JACKSONVILLE, Fla. – A photograph on display at the Museum of Contemporary Art Jacksonville -- and the City Council president's response to it -- is at the center of a controversy over the line between art and pornography.
The photograph by artist Angela Strassheim, which hangs in the museum's atrium, shows a naked pregnant woman lying on a couch (edited in photo above). Council President Clay Yarborough called the image pornography and wants the mayor to pull funding given to the museum indirectly by the city.
The Mayor's Office issued a statement about Yarborough's comments:
"Given the possible First Amendment implications of Council President Yarborough's demand to pull Cultural Council funding from MOCA, we have forwarded his request to the City's Office of General Counsel for legal review."
Yarborough's comments are also raising a lot of attention on social media, with many using the hashtag #istandwithMOCA.
John Adamson showed up at the museum, which was closed Thursday for Thanksgiving, because he heard about the photograph and wanted to see it for himself.
"First off, it is someone's idea of art. It's their idea of art. Not necessarily mine, but it's a piece of art. I understand if I come here with my children, I am going to educate them that this is a place of contemporary art," Adamson said. "This is something that someone makes a choice to come and see, and it's a benefit to the city. It's an open-mindedness. We don't need to be closed-minded in this day and time and age."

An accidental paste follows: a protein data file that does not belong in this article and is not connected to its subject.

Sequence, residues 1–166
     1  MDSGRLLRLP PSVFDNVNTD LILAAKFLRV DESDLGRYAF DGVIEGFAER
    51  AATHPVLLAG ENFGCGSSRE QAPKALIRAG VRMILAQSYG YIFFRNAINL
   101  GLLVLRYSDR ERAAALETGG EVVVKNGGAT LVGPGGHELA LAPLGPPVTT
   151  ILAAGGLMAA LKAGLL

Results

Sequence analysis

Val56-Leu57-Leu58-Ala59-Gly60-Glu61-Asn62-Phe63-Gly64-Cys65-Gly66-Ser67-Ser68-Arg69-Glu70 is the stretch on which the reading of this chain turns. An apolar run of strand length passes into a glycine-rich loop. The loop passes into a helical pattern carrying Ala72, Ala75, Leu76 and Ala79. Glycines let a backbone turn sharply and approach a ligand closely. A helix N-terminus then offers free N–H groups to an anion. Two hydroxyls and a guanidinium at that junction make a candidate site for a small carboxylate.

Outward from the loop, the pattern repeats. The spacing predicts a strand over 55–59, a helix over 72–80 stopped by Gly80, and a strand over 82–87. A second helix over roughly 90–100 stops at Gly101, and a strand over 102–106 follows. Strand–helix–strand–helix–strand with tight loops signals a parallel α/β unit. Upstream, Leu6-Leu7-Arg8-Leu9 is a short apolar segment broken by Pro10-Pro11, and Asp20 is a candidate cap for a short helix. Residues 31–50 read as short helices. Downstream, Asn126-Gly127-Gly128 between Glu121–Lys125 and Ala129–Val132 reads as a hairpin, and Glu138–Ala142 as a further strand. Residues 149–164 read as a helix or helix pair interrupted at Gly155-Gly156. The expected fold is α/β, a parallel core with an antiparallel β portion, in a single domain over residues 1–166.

But Yarborough does not see it that way at all and issued this statement:
"It stunned me to walk into a City-owned building and be greeted by a large picture of a naked woman, particularly because the tenant is receiving over $230,000 in General Fund taxpayer dollars through the Cultural Council this fiscal year. The picture is in plain view of anyone entering, including school children. I notified the Mayor's Office Tuesday after seeing it and attempted to reach the Mayor yesterday to find out whether he supports or opposes the pornography remaining in place, but I have not received a response. This issue works against our efforts to promote a family-friendly Jacksonville and downtown. We are trying to promote a positive moral climate in our city and though some will defend the pornography by labeling it 'art,' we need boundaries in order to be healthy, especially where it concerns our children."
A MOCA Jacksonville spokeswoman said no one from the museum was available to comment because of the holiday.